Multicellular Computing Site Map
Multicellular architectures: parallels
between life and computing
The Four Architectural Principles
Four principles of
architectural strategies for managing cooperation between cells emerged
more than 500 million years ago. They are rare in single cell
organisms yet nearly
multicellular organisms. And they each evolved before or
coincident with the
of multicellular life. Now they are re-emerging in the web of
-- Although there is a tendency to think of computers as general
purpose, most computers are in fact quite specialized already
multicellular computing -- code transfer should also be
and dealing with interpreted
code complicate matters further.
parts of the system communicate by modifying their
local environment. The modifications become persistent cues for
other elements in the system
-- self is defined by the
body-as-stigmergy-structure, not by the identities of the cells or an
Stigmergy in computing
cues left in persistent stores, e.g., databases, network structures and
Web Services, organize multicellular computing
Apoptosis in Computing
multicellular computing, the
individual computer must be willing to sacrifice itself for the good of
the larger organism. But old single-cell computing attitudes that
each computer is supreme will die slowlly.
How the four
principles are intertwined
-- the four principles co-evolved and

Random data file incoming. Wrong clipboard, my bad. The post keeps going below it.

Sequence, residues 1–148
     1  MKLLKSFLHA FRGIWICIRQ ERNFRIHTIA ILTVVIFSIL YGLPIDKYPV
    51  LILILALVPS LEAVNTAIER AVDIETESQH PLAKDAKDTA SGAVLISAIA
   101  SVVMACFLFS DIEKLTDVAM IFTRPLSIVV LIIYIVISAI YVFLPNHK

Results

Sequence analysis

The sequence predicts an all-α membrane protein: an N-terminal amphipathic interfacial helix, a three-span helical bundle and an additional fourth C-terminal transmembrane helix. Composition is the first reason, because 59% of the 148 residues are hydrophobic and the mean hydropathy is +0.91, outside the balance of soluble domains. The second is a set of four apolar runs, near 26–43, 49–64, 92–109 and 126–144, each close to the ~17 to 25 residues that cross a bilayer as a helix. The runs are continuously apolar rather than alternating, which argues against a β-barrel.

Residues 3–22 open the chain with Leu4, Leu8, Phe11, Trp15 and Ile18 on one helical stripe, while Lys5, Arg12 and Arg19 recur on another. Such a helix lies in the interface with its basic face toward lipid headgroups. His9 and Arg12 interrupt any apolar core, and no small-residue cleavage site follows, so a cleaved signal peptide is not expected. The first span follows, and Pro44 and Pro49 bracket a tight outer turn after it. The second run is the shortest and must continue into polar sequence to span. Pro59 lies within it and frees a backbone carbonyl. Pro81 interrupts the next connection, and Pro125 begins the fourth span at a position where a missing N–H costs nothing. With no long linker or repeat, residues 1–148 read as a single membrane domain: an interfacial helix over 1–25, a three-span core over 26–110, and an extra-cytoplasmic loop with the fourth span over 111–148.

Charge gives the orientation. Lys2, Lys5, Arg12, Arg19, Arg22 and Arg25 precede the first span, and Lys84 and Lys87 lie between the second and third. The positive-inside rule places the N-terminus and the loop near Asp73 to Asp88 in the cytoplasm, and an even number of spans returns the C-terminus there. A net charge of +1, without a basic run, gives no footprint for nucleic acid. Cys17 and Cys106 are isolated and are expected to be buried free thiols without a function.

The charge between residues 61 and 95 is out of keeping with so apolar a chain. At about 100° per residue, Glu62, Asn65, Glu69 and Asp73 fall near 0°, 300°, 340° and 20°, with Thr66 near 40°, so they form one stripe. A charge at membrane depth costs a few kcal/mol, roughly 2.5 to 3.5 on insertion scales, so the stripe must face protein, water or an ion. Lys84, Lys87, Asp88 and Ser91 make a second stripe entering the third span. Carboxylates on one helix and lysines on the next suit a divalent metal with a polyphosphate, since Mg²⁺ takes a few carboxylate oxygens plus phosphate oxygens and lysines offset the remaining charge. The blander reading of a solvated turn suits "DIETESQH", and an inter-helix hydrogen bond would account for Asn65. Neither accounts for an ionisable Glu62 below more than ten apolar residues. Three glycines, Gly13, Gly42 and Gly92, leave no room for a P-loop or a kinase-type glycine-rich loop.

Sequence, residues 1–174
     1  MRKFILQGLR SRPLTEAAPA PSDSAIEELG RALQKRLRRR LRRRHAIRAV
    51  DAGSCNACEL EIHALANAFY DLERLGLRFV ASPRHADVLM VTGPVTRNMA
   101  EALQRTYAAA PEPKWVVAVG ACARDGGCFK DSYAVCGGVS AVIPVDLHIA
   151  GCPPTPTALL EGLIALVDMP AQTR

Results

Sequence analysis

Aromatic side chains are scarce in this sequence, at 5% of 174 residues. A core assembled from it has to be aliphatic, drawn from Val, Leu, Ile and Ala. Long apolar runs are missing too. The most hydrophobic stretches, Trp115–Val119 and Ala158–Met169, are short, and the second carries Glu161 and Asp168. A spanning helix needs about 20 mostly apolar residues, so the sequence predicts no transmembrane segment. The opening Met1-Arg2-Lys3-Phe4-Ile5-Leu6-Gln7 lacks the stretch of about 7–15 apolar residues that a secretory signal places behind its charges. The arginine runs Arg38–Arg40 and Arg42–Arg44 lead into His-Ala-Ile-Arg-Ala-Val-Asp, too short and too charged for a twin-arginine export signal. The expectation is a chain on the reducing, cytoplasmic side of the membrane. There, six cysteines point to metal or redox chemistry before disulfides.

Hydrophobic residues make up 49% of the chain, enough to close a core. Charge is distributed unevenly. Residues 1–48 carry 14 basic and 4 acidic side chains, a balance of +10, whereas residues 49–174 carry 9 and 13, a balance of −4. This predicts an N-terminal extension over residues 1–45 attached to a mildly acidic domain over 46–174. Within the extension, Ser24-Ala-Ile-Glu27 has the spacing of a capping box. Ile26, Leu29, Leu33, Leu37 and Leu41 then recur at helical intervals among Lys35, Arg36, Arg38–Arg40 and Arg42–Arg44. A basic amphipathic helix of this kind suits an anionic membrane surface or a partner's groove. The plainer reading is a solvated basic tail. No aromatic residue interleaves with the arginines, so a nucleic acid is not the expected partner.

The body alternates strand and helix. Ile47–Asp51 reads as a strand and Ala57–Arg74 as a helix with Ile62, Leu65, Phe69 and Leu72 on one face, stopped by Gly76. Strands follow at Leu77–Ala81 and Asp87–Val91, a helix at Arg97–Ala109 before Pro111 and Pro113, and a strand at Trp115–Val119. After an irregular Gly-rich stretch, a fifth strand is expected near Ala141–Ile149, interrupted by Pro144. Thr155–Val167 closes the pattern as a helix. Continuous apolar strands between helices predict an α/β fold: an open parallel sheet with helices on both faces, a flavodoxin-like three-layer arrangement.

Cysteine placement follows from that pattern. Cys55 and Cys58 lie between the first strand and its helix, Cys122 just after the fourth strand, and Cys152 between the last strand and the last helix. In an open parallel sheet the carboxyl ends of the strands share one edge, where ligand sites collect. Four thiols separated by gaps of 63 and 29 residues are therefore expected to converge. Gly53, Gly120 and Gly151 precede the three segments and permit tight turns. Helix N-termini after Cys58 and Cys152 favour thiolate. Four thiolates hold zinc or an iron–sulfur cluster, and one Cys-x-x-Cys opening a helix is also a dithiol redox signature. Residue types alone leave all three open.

are interdependent both as abstract architecural principles and as
concrete implimentations within each cell.
to multicellular computing is happening.
The Four Principles can smooth the transition.
Background Issues of the
Underlying Problems of Complexity
A brief statement of the
-- Complexity in the digital world is beyond our control, yet computing
becomes ever more central to business and society
-- Dynamic complex systems inevitably
become even more complex. But why? Turns out that's a deep
-- Dynamic elements in a system that adapt
to other dynamic elements create positive feedback loops and complex
Out of control
complexity is out of control, it takes control
The need for
-- both life and computing use encapsulation to limit
unwanted dynamic interactions
-- Information processing, complexity, encapsulation and
the evolution toward multicellularity
-- Cells process
information in order to survive and thrive. How comparable are
their capabilities to computers?
Background Issues of Emergence and Evolution
-- Complex systems inevitably evolve
multiple levels of complexity which are difficult to understand, and
even more difficult to predict
Scale and Emergence
-- It took more than a dozen intermediate
of emergence to evolve multicellular life, and they all
still play a role in everyday living systems.
-- The evolution of computing systems is
far shorter than the evolution of life, but now the two are merging!
tradeoff between the
richness of possible interactions and the number of elements required
in a system for emergence to generate new surprises.
Examples of Emergence
familiar examples in nature: hurricanes, flocks of birds, and sand dunes
evolution of multicellular systems
-- From "training wheels"
full-blown multicellular life
Evolution, co-evolution and
-- No matter how hard we try to engineer
complex computing systems, they stubbornly insist upon evolving.
Contact: sburbeck at mindspring.com
Last revised 6/6/2012